The Czech Republic is a parliamentary democracy. Its supreme law is the Constitution of the Czech Republic together with the Charter of Fundamental Rights and Freedoms. In its current form, the Constitution has been valid since 1 January 1993, i.e. since the date the independent Czech state was established, as a result of the separation of Czechoslovakia.
Power is divided into legislative (Czech Parliament), executive (Czech Government and the President of the Czech Republic) and judicial.
The Parliament consists of two chambers - the Chamber of Deputies, the lower house, and the Senate, the upper house. Every citizen who is at least 18 years old is entitled to vote for candidates to the Chamber of Deputies and the Senate.
Chamber of Deputies:
The Chamber of Deputies is made up of 200 members who are elected once in four years. The election system is based on the principles of proportionate representation. A new Czech Government is established on the basis of the results of these elections.
Every citizen of the Czech Republic who is entitled to vote and is at least 21 years of age, can be elected to the Chamber of Deputies.
Members are elected as representatives of individual political parties, after their election the parties create parliamentary clubs in the Chamber of Deputies.
The Senate was established in 1996. 81 senators are elected with a six-year term of office according to the principles of the majority election system. The elections take place every two years, when one third of the Senators are newly elected (during the first elections one third of the senators were only elected for a two-year term of office, a third for a four-year term of office and a third for a six-year term of office. At the next elections after two years one third of the senators, with a “two-year term of office“ were replaced with new senators who were elected for a six-year term of office). Every citizen of the Czech Republic, who is entitled to vote and is at least 40 years old, can be elected to the Senate.
The Senate is conceived as a counterweight to the House of Parliament, as an element establishing conditions for a better quality legislative process and as an element of Parliamentary continuity in the event that the Chamber of Deputies is dissolved.
The Government is the supreme body of executive power. It consists of the Prime Minister, Deputy Prime Minister and Ministers, and coordinates activities of the ministries and the central bodies of the state administration and manages the state administration throughout the territory of the state. The Government has exclusive legislative initiative in terms of the state budget.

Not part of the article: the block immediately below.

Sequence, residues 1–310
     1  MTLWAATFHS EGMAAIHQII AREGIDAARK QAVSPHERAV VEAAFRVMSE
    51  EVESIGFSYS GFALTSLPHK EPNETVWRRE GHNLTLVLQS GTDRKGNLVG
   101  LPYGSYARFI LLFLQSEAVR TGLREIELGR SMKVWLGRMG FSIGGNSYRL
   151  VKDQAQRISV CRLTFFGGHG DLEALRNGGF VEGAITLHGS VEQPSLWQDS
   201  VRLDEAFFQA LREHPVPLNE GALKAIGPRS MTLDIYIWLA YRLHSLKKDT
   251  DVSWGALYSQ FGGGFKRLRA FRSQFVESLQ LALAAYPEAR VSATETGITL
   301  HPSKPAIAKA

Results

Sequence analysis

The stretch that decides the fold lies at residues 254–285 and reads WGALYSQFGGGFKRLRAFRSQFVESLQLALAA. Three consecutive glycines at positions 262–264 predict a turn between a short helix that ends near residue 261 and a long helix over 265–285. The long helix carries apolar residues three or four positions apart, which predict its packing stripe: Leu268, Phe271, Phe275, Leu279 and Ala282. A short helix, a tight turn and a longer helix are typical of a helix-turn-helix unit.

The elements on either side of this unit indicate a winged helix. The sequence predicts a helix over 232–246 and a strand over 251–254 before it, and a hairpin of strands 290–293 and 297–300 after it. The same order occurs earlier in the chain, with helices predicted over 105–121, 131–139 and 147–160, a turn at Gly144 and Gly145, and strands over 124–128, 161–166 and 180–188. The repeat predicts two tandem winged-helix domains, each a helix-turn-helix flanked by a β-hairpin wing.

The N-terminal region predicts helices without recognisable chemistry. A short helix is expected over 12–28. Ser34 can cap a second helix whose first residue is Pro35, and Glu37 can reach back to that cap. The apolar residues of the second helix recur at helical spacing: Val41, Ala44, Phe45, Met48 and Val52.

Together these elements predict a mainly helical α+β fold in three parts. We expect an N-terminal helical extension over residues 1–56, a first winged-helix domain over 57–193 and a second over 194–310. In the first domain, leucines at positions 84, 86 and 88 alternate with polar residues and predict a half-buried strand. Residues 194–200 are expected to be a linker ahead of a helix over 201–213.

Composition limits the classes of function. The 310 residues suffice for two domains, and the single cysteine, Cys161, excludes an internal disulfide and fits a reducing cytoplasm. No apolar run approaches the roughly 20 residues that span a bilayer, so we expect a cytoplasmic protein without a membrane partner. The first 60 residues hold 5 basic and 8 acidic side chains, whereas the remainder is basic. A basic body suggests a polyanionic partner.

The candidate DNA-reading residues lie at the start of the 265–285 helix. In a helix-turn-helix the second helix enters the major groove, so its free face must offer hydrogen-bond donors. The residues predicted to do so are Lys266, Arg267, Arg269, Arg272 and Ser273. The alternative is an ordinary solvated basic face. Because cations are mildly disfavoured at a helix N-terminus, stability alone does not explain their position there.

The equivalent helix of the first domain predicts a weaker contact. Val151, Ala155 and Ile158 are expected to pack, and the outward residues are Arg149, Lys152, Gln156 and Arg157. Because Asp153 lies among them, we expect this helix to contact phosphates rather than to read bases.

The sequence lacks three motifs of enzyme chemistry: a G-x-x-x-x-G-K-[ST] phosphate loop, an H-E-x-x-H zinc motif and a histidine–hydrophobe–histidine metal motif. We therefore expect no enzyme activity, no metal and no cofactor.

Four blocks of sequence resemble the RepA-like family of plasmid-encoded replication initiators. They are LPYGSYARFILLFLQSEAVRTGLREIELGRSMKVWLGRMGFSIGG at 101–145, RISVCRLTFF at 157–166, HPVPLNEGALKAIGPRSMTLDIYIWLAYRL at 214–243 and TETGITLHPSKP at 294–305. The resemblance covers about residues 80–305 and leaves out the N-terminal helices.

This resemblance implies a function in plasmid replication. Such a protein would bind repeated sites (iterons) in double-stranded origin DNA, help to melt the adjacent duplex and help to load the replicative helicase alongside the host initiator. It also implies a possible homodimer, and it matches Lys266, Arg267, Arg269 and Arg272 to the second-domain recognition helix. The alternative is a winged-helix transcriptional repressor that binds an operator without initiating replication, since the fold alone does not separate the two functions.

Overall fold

The President of the Republic is the head of the state and the supreme commander of the armed forces. The President is elected by the members of Parliament and the senators during a joint meeting. A President is elected once every five years and may serve a maximum of two successive terms in office. The President’s term of office begins when he takes his vow.
Presidential power is limited; the most important is the right to veto any bill which has already been passed by Parliament, with the exception of constitutional bills. This power is void in times of constitutional or other political crises.
Judicial power is executed in the name of the republic by independent courts of law. During the execution of their function, the judges should be independent and no one may threaten their objectivity. The court system is made up of the Supreme Court, Supreme Administrative Court, Supreme, Regional and District Courts.
The Constitutional Court
The Constitutional Court was set up to protect constitutional rights. It consists of 15 judges who are appointed by the President - with the consent of the Senate - for a term of ten years. In their decisions, judges are bound only by constitutional laws, international treaties, and by a law designating the proceedings of the constitutional court.
The Supreme Court
The Supreme Court is the supreme judicial body in all matters within the jurisdiction of the courts, except those within the jurisdiction of the constitutional court or the supreme administrative court. The judges are bound only by law and they are in a position to decide whether other legal regulations are in accordance with the law.